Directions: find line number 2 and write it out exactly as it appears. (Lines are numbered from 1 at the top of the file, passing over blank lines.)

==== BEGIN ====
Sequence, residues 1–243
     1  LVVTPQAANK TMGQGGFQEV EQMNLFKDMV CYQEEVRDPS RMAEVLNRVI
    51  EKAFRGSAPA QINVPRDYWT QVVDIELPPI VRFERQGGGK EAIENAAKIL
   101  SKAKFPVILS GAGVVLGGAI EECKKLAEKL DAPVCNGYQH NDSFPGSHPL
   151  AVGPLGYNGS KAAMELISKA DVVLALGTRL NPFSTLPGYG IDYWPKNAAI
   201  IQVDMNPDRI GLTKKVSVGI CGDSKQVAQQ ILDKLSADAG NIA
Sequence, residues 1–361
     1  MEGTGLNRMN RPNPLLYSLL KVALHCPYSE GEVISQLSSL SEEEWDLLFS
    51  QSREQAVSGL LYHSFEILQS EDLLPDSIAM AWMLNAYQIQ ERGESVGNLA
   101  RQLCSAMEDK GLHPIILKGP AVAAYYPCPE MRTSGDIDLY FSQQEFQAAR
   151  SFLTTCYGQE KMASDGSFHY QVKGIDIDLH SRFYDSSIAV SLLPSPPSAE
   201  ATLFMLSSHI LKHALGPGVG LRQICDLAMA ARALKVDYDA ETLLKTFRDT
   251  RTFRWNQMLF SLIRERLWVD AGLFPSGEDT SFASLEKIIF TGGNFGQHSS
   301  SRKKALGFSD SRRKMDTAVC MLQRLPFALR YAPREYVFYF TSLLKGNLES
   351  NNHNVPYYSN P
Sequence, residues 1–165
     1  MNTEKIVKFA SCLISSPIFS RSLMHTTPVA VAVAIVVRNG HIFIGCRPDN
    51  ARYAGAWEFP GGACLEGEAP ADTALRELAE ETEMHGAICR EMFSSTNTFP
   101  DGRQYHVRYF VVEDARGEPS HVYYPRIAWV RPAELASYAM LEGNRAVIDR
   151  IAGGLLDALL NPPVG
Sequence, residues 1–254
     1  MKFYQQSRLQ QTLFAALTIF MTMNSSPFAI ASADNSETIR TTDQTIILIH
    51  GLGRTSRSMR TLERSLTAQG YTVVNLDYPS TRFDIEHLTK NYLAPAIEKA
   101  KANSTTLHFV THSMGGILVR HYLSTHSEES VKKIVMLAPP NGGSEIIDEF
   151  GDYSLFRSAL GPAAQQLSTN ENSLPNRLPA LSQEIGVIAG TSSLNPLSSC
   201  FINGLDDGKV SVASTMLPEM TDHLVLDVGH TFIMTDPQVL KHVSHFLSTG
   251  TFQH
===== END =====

     1  LVVTPQAANK TMGQGGFQEV EQMNLFKDMV CYQEEVRDPS RMAEVLNRVI